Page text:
In a relatively short span of time (10 years), the concepts of the Forest Stewardship Council have been implemented and forest management practices have been reviewed and endorsed in over 50 million acres of forestland in 40 countries on 5 continents. The U.S. represents nearly 6 million acres of this total in over 60 forest properties.
Incorporating more sensitivity toward the overall environment is gaining momentum around the world. It is therefore timely that Chris Maser and Walter Smith provide an extensive dialogue on the background of forestry practices in the United States that concern ecologists, environmentalists, and social servants. Although some people may think their critique to be harsh particularly toward governmental and industrial forestland managers foresters operating under Forest Stewardship Council certification are not likely to return to prior practices. In addition to their critique of forestry practices, Maser and Smith also provide a very detailed explanation of the principles and criteria of the Forest Stewardship Council under the SmartWood program.
Embarking on a journey of sustainability can begin with forest certification. To many, the journey will look like the unknown faced by Columbus's crew in 1492. Is there an edge to the world? Taking the plunge into forest certification is, for some reason, of great concern to foresters and forest owners. Will the owner and the forester lose control of the property? This seems to be the principle restraint keeping many from embarking on the journey. The answer is on the horizon. I hope Maser and Smith will help chart the course.
James E. Quinn
The Collins Companies
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TABLE OF CONTENTS
Defining the Problem
What Is Forest Certification?
The Certification Movement
Forestry as an Evolution in Consciousness
PART I: A BRIEF LOOK AT TODAY'S FORESTRY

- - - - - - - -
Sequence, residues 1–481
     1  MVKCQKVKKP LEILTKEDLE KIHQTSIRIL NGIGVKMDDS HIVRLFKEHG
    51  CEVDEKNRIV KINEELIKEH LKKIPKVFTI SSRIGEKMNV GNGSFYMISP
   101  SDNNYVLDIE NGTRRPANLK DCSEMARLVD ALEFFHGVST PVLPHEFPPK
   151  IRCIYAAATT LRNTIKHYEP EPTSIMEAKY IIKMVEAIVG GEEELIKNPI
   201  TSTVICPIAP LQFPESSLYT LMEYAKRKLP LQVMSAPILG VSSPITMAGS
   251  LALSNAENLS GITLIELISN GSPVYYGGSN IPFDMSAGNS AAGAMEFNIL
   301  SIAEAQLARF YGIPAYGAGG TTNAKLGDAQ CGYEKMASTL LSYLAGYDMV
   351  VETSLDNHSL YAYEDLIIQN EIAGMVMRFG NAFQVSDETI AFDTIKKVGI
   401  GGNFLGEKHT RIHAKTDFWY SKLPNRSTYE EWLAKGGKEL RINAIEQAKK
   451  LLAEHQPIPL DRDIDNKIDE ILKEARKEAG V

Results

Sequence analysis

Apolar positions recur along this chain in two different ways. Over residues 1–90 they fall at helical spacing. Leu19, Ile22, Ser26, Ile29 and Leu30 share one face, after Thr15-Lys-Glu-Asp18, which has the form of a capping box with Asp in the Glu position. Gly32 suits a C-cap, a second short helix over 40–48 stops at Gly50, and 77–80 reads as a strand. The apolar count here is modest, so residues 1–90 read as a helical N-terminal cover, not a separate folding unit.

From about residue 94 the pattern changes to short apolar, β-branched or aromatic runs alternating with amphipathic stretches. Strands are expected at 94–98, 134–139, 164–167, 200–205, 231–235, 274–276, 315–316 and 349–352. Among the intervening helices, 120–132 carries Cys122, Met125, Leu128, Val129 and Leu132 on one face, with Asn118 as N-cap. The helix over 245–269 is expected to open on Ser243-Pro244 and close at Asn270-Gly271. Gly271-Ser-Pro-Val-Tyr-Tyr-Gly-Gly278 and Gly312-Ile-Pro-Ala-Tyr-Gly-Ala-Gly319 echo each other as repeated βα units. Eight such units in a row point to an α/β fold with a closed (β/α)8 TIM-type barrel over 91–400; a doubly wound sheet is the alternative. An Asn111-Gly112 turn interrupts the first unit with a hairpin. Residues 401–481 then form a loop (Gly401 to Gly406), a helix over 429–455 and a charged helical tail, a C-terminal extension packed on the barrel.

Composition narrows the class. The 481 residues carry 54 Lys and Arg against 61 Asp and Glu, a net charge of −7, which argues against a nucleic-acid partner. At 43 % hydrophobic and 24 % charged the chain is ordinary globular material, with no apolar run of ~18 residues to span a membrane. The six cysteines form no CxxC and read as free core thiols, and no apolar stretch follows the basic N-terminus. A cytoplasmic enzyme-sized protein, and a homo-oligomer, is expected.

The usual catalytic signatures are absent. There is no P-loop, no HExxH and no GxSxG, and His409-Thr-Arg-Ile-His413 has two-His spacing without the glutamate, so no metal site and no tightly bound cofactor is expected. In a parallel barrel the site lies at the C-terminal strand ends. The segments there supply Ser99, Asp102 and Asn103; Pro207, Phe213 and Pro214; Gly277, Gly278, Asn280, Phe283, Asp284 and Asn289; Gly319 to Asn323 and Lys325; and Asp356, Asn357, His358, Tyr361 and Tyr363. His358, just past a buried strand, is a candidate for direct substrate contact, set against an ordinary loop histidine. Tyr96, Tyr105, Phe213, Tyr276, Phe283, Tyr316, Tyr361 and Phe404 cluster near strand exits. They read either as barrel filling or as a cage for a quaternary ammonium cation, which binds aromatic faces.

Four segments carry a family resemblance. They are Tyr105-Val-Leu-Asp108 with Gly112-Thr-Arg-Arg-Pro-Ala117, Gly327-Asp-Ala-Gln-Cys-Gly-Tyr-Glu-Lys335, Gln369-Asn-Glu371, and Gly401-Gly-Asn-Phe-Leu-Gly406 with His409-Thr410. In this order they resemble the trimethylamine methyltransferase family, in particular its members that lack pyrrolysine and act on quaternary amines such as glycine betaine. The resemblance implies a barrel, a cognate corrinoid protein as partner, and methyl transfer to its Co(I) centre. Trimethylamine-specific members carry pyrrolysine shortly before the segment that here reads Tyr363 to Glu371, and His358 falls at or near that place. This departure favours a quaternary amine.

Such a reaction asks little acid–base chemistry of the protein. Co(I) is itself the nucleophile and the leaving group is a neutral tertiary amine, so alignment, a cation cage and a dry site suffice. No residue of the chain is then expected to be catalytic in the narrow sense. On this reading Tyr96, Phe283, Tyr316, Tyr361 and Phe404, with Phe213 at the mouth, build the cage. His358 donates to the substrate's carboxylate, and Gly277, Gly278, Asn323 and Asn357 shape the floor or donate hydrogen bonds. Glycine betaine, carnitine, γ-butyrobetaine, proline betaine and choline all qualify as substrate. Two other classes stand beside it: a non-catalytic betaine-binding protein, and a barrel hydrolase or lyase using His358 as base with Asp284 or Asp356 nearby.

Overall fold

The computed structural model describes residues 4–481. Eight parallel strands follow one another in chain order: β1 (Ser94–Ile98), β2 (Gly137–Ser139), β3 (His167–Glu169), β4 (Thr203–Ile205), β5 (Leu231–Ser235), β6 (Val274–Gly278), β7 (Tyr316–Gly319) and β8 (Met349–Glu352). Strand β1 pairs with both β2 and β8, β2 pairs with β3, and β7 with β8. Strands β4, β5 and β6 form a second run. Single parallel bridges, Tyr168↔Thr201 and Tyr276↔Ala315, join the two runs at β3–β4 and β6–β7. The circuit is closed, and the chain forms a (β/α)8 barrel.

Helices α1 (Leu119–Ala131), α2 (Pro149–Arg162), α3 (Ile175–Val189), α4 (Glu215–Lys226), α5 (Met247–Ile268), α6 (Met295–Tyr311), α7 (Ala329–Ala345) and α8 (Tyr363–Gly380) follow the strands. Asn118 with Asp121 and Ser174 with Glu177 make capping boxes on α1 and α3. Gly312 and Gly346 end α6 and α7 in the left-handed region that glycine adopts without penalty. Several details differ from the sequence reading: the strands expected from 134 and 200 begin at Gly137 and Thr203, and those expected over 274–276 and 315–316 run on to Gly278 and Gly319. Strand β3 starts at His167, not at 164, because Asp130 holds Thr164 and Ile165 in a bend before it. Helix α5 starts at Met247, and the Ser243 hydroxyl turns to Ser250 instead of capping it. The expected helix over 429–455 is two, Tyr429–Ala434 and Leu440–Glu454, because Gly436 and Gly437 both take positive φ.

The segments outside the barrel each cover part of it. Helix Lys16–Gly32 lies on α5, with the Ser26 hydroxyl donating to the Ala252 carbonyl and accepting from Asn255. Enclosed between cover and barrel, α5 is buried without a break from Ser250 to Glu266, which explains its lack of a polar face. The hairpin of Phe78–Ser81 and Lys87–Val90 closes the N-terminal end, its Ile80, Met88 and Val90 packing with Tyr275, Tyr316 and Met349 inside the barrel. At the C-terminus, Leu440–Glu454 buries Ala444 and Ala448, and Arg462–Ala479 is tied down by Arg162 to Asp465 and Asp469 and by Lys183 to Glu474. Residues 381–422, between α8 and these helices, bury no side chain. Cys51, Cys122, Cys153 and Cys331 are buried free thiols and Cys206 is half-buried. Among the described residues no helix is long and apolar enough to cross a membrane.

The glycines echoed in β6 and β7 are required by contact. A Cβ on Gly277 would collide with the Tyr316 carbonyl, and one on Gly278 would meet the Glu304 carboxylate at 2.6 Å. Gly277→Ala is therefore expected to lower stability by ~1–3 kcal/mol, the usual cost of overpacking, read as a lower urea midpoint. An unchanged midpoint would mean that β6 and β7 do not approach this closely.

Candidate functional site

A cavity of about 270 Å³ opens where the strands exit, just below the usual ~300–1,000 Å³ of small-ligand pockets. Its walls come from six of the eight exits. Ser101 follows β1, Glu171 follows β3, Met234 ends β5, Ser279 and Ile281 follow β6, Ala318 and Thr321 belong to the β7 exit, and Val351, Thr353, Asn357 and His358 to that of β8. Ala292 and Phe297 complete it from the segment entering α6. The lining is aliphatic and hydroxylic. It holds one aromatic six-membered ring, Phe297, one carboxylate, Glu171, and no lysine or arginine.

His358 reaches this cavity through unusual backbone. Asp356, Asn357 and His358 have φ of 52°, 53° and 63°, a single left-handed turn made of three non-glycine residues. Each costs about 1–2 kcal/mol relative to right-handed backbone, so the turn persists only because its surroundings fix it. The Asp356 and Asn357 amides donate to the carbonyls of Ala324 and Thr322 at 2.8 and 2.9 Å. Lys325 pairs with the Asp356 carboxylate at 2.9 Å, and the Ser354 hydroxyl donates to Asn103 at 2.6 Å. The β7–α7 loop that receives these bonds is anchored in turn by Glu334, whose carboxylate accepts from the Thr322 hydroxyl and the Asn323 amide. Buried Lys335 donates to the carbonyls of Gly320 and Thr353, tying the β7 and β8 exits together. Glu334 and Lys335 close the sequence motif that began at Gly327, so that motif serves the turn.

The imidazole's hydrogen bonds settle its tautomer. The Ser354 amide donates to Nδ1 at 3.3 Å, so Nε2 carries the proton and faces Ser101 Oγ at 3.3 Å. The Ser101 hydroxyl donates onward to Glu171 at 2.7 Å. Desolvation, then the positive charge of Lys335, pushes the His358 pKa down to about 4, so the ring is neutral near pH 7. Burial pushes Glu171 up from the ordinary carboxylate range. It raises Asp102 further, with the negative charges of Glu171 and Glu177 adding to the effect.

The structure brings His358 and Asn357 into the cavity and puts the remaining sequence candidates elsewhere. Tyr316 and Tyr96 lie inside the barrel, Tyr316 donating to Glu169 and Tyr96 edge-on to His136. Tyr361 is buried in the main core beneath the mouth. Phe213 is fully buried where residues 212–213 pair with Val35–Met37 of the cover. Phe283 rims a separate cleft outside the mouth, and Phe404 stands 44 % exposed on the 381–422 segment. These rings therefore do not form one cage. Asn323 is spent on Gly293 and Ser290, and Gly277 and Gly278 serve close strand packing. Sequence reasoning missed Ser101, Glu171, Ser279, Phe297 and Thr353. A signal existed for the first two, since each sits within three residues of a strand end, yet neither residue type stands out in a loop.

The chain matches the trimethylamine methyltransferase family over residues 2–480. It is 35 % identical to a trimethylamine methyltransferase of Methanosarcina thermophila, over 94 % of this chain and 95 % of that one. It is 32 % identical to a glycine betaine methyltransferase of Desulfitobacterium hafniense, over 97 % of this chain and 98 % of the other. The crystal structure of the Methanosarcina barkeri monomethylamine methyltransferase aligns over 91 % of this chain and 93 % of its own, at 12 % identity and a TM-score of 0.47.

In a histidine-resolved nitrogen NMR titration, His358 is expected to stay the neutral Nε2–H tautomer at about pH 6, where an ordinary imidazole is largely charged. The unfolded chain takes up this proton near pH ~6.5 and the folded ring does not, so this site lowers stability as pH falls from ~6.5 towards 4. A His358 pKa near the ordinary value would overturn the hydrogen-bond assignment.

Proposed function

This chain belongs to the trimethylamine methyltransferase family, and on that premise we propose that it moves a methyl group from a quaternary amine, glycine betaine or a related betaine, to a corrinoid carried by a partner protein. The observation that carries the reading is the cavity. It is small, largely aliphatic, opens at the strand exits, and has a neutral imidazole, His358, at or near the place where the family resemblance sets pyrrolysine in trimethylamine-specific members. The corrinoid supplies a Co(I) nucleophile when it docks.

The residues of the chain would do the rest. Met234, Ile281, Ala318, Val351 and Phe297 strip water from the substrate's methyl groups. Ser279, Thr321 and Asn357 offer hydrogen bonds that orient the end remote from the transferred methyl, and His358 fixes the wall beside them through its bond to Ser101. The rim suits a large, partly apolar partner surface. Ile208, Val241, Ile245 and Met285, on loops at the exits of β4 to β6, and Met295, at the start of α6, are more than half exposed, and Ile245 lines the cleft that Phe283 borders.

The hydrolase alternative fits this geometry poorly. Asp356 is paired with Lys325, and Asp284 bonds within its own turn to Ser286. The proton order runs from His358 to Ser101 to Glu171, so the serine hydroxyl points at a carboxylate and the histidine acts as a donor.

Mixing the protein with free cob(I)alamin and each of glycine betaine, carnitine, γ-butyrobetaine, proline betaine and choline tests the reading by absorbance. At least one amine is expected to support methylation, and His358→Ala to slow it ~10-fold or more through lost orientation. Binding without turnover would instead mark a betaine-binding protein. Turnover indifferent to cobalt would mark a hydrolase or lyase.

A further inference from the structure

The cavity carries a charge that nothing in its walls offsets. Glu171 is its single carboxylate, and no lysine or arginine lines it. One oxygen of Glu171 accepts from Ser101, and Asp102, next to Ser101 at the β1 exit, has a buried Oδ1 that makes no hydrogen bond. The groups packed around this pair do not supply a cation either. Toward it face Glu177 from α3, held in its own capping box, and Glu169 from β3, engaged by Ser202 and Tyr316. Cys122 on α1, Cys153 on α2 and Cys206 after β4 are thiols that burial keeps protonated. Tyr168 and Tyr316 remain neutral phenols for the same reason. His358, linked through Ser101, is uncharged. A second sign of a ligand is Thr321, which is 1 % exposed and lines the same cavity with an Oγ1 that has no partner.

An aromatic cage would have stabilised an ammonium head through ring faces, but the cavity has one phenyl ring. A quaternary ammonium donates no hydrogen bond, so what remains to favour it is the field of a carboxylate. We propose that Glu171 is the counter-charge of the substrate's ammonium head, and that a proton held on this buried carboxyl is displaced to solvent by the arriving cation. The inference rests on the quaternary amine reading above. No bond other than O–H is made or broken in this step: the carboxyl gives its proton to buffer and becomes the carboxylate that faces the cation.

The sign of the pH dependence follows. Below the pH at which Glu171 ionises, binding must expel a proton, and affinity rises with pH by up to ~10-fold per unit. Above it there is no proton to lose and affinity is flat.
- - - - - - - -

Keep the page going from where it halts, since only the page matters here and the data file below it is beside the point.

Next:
CHAPTER 1: THE PHILOSOPHICAL FOUNDATION OF TODAY'S FORESTRY: AN OVERVIEW
The Soil-Rent Theory
Historical Errors in Forestry
The Reductionist Mechanical World View
The Linearity of Current Thinking
Biological Capital Vs. Economic Capital
Indigenous Forests and Ecological Sustainability
Old-Growth Forests and Biological Sustainability
PART II: SUSTAINABLE FORESTRY THROUGH THE PROCESS OF CERTIFICATION
CHAPTER 2: CERTIFICATION AND TRUSTEESHIP
A Certified Forest as a Living Trust
The Importance of Certification
A Sense of Values
Questions of Science Vs. Questions of Social Value
Gross Domestic Product, Eco-Efficiency, and Genuine Progress Indicator
Gross Domestic Product
Genuine Progress Indicator
CHAPTER 3: THE HISTORY OF FOREST CERTIFICATION
The Philosophy and Operating Principles of SmartWood
Institute for Sustainable Forestry
Forest Stewardship Council
Things To Do Prior to Seeking Certification
CHAPTER 4: HOW THE CERTIFICATION PROCESS WORKS
In the Forest
Applicant's Responsibilities Prior to the Arrival of the SmartWood Assessment Team
On Site Assessment Procedures
Chain-of-Custody in General
SmartWood Chain-of-Custody Certification
Beginning the Chain-of-Custody Certification Process
CHAPTER 5: SOME OF THE COMMON PROBLEMS ENCOUNTERED DURING THE CERTIFICATION PROCESS
Forest Landowners and Forest Managers
Level of Consciousness
Cumulative Effects, Lag Periods, and Thresholds
Composition, Structure, and Function
Connectivity and Landscape Patterns
Scales of Diversity
Reinvestment of Biological Capital
Riparian Areas, Including Floodplains
Social and Economic
APPENDICES (Return to Top of Page)